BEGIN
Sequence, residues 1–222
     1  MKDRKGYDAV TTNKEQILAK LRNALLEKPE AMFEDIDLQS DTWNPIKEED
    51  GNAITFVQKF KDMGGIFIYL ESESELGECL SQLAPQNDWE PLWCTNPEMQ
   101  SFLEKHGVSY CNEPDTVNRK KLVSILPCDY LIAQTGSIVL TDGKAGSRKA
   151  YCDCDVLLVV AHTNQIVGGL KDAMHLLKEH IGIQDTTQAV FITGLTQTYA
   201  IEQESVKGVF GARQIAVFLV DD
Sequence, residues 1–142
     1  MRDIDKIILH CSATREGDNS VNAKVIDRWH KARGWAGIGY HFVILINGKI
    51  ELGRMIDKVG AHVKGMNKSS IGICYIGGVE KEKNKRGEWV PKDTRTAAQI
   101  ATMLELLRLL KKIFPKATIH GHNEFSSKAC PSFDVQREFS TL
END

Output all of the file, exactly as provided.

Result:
Sequence, residues 1–222
     1  MKDRKGYDAV TTNKEQILAK LRNALLEKPE AMFEDIDLQS DTWNPIKEED
    51  GNAITFVQKF KDMGGIFIYL ESESELGECL SQLAPQNDWE PLWCTNPEMQ
   101  SFLEKHGVSY CNEPDTVNRK KLVSILPCDY LIAQTGSIVL TDGKAGSRKA
   151  YCDCDVLLVV AHTNQIVGGL KDAMHLLKEH IGIQDTTQAV FITGLTQTYA
   201  IEQESVKGVF GARQIAVFLV DD
Sequence, residues 1–142
     1  MRDIDKIILH CSATREGDNS VNAKVIDRWH KARGWAGIGY HFVILINGKI
    51  ELGRMIDKVG AHVKGMNKSS IGICYIGGVE KEKNKRGEWV PKDTRTAAQI
   101  ATMLELLRLL KKIFPKATIH GHNEFSSKAC PSFDVQREFS TL